Electronic – What are coupling and decoupling capacitors


I have come through many places stating capacitors as coupling and decoupling capacitors, but I can't understand what is meant by coupling and de-coupling capacitors?

Can anyone explain me what they are and how do they differ from normal capacitors??

Best Answer

They are no different from normal capacitors. The Decoupling and Coupling refers to how the capacitors are used, not what they are made of or anything.

A decoupling capacitor is used as a mini battery or energy reserve. By placing it near an IC's power pins, it helps keep the power line steady, avoiding the minor fluctuations and ripple that exist in power circuits:

A decoupling capacitor is a capacitor used to decouple one part of an electrical network (circuit) from another. Noise caused by other circuit elements is shunted through the capacitor, reducing the effect it has on the rest of the circuit. An alternative name is bypass capacitor as it is used to bypass the power supply or other high impedance component of a circuit.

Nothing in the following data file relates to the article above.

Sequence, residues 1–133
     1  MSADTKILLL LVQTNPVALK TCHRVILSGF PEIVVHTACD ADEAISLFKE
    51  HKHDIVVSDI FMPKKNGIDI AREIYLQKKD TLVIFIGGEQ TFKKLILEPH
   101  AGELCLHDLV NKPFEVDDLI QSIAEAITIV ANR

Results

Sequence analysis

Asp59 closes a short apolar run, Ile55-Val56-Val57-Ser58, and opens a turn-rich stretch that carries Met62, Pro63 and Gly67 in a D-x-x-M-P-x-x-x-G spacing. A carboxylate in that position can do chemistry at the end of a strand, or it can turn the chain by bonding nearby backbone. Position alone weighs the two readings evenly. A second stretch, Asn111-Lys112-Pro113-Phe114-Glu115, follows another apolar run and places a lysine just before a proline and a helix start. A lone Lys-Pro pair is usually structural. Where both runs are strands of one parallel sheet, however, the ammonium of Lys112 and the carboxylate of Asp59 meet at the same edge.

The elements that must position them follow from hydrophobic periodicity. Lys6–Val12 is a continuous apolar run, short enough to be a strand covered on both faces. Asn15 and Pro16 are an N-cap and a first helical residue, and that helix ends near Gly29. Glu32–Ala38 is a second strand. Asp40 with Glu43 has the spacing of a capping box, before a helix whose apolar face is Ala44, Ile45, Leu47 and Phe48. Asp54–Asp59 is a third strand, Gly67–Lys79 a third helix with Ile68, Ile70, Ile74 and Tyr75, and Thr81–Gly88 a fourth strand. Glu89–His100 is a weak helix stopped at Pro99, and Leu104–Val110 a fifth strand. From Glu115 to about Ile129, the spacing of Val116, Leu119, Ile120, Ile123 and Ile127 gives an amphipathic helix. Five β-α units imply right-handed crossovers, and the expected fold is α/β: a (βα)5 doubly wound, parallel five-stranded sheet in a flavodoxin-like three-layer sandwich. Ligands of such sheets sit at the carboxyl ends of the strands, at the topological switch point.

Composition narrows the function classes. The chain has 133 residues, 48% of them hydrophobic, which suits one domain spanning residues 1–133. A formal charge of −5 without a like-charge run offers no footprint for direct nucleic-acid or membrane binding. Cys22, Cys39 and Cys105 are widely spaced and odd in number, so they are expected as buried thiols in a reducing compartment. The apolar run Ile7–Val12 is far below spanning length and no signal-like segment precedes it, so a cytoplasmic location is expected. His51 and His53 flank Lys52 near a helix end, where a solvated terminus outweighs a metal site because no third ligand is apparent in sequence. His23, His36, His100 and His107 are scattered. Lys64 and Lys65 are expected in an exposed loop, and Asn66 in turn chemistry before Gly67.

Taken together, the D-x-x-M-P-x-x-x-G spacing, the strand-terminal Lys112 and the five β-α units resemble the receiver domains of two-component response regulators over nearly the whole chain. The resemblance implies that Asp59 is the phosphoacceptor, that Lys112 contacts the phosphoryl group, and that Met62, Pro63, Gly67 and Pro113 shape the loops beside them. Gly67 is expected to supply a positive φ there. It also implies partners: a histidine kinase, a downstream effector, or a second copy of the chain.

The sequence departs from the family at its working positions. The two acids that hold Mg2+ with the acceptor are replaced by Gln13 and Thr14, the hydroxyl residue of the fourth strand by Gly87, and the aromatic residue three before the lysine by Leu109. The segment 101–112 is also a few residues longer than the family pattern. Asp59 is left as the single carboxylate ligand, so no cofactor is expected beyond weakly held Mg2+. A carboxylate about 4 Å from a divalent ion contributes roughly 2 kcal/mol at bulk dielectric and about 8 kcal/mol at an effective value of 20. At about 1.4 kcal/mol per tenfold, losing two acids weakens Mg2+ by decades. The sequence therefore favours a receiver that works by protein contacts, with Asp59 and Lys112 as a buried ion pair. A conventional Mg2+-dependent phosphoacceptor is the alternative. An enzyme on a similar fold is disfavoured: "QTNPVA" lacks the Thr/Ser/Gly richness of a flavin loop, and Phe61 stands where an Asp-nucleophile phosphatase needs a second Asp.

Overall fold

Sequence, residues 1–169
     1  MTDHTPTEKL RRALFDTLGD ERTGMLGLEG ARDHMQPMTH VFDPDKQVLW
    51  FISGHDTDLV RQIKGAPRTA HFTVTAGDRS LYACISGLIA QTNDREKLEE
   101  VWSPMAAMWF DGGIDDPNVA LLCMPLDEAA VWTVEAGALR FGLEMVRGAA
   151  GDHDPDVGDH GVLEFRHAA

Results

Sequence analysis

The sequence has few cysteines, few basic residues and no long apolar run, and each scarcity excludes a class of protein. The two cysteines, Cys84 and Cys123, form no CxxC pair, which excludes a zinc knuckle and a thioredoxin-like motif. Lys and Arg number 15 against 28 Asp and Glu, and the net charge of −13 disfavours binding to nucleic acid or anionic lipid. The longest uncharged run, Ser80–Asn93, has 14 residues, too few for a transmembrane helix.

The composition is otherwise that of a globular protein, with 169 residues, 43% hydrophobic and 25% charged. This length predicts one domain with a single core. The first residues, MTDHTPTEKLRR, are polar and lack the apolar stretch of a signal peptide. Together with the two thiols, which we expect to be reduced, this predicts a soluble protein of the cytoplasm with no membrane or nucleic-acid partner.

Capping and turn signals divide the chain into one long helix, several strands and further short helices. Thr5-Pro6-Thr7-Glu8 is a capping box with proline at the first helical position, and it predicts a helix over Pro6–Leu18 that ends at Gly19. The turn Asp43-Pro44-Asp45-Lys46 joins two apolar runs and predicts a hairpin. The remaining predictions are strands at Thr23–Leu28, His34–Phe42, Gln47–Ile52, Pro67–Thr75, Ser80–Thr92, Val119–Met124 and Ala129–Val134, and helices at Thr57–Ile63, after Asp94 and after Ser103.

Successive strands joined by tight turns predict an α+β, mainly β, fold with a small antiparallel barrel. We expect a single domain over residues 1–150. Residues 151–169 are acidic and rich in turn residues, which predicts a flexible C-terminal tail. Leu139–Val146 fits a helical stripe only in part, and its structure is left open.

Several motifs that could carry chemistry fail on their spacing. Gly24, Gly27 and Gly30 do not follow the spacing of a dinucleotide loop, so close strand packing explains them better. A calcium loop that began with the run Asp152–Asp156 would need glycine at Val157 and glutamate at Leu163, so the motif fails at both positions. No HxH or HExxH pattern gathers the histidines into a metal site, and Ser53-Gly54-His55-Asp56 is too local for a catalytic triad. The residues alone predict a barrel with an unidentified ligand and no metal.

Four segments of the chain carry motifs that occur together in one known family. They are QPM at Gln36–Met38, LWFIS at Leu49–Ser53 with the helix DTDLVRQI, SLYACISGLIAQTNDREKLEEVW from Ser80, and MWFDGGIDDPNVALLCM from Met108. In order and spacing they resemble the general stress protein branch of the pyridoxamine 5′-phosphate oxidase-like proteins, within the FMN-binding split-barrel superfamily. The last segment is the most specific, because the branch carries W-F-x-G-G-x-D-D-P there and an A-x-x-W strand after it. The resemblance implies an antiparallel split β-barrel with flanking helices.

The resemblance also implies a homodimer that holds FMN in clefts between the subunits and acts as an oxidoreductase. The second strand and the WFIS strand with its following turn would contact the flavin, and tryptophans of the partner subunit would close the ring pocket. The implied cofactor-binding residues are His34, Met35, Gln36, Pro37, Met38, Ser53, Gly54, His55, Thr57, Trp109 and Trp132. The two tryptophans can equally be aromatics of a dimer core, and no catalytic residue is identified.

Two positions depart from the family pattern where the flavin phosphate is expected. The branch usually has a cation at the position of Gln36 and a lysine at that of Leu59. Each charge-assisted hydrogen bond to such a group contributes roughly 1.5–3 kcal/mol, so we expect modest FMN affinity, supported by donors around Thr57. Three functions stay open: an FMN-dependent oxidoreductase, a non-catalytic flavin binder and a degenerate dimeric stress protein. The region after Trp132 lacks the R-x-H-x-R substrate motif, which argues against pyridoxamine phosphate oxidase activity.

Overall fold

Decoupling capacitors are typically in parallel with an IC or circuit.

Coupling capacitors on the other hand:

In analog circuits, a coupling capacitor is used to connect two circuits such that only the AC signal from the first circuit can pass through to the next while DC is blocked. This technique helps to isolate the DC bias settings of the two coupled circuits. Capacitive coupling is also known as AC coupling and the capacitor used for the purpose is also known as a DC-blocking capacitor.

Coupling capacitors are typically in series with the signal.

Both types are typically common non-polarity-specific ceramic capacitors.